1. I think coyotes get a couple but best predators take the cake. Way to many coon, possum and skunks.

  3. Westley Taylor

    All these places that use chicken manure for fertilizer, if they have the avian flu, wouldn’t that pass along to the wild turkeys in the area that are using that fertilizer? Nest predators and juvenile predators of wild turkeys still needs to be addressed. No one traps predators for fur anymore

  4. Enlightening research like this should make everyone involved aware that hunting does not play even a small role in the ongoing wild turkey population decline, and changing/reducing turkey hunting season dates and bag limits only hurts hunter participation, recruitment, and retention while not doing anything to help the resource itself.

    1. Jimmy Harper the only reason we have Hunting seasons is to control population. Hunters are conservationists. It is a method of quality and conservation. I don’t see the killing of a declining population of any animal a sound biological reason. Especially the females.

  5. I raise Osceola Turkeys in Florida in a controlled environment. They are raised without predators and the survival rate is still low.

  6. I would like to know more about the study. Were these 20 hens all in the same area and what was the habitat like? Was there any trapping and was there any management of the property? I have lived and hunted on the same 400 acres for 60 years and I never remember not having poults in the summers.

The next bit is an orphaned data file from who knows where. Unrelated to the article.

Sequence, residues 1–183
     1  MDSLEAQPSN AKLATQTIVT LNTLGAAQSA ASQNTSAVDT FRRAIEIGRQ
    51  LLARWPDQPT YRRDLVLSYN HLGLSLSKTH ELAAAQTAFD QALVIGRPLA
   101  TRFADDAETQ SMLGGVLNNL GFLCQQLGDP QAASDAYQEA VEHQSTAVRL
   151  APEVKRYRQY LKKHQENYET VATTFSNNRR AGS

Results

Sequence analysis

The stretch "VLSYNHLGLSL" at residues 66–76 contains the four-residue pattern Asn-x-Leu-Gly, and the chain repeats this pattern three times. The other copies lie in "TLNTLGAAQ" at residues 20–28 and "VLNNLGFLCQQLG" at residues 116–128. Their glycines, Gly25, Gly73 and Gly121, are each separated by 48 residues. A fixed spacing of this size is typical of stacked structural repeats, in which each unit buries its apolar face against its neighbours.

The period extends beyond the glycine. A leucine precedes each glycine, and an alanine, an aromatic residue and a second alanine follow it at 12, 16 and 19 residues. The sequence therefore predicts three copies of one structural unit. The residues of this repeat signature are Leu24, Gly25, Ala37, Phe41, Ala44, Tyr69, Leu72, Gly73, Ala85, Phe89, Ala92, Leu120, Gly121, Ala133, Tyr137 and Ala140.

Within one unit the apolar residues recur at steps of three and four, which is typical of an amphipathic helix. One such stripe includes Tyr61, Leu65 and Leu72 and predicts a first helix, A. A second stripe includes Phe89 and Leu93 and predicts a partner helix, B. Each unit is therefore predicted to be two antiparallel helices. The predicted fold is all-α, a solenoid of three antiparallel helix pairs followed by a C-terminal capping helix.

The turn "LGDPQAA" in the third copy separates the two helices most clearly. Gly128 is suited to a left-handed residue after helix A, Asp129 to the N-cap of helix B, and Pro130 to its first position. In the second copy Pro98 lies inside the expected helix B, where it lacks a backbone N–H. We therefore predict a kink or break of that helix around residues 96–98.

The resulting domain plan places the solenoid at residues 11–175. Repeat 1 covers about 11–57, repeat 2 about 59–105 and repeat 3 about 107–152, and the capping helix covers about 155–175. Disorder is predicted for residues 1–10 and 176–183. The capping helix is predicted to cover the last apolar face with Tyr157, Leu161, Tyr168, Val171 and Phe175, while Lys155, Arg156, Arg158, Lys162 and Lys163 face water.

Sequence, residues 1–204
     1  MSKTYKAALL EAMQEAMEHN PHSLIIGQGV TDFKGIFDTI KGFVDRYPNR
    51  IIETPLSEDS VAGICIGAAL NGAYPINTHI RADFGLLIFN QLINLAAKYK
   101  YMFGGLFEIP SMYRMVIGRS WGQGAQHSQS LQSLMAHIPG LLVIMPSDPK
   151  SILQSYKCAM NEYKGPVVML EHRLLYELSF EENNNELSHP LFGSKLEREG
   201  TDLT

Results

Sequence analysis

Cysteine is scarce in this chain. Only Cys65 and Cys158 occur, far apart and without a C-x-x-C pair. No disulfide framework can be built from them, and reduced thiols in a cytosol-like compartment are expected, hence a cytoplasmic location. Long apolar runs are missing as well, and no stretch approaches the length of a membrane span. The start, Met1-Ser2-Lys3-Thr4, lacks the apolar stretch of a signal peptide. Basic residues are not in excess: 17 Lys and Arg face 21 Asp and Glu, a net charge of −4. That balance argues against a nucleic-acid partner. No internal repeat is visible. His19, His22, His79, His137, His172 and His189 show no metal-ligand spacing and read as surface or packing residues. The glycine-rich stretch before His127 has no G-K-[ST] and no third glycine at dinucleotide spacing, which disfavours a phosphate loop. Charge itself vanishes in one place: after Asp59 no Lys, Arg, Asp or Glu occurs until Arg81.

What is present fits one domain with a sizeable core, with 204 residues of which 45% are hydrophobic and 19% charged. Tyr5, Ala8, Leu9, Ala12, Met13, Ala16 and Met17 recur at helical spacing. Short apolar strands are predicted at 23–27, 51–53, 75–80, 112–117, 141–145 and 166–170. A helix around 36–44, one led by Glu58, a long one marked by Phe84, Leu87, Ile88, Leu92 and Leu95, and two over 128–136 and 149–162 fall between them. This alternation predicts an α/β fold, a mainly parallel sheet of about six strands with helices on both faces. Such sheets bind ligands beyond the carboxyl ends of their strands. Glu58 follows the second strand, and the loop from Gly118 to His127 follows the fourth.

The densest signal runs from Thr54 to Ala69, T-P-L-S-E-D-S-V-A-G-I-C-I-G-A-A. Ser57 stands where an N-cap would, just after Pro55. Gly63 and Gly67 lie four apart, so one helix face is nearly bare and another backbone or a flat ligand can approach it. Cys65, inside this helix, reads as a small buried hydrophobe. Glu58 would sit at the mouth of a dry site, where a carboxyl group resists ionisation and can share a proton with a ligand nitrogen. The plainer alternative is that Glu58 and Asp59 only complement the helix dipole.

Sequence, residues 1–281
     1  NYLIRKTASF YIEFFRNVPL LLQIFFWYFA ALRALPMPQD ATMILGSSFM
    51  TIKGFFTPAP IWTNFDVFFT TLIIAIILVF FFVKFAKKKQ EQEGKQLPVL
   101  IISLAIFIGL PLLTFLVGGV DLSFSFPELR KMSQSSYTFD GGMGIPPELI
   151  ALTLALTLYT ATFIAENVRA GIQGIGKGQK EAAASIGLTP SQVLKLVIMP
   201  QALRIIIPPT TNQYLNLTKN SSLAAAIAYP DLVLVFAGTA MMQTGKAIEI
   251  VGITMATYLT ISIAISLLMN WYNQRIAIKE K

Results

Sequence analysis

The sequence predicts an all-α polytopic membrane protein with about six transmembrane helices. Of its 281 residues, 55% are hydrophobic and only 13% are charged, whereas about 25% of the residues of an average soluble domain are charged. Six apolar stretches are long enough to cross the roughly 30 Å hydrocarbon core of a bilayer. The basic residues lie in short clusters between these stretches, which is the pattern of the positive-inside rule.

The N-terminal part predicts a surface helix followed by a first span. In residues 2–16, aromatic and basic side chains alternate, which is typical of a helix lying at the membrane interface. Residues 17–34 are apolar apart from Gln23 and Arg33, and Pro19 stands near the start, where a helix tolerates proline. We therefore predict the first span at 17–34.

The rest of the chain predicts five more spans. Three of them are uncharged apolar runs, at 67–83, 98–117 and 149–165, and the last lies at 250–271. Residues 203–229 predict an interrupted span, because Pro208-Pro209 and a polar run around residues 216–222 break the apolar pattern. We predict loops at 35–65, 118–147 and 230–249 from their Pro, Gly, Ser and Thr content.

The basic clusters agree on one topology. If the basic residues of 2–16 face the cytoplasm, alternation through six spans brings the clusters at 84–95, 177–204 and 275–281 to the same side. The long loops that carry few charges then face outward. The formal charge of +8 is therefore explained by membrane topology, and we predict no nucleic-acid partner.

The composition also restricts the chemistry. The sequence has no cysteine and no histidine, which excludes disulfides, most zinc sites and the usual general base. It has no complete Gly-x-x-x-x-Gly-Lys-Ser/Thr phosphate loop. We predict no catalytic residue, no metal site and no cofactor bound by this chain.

7. I live in south west fl. and I have participated in hunting leases and have ben disappointed in the turkey population. I sat on the corn feeders and shot raccoons to attempt to help the turkey population. In Florida we have fire ants and they will kill polts if they wonder into a large mound,so I always carried a large bag of fire ant pellets for them. I also called and shot crows, I have shot 750+ crows over the last five years on state and lease property. In Florida it is illegal to feed turkeys at any time.

  8. A lot of info missing. Curious about the habitat conditions. Guessing this was public land?
    I trap several properties here in Georgia (paid to do it).
    Two of the three properties had turkeys and one didn’t. After 5 years of trapping these properties all three now have thriving turkey populations. On July 8 of this year I was finishing up a property and pulling sets and encountered 2 different groups of hens. 2 hens together had 13 chicken sized poults. At the other end of the property 1 hen had 9 poults that couldn’t even fly yet.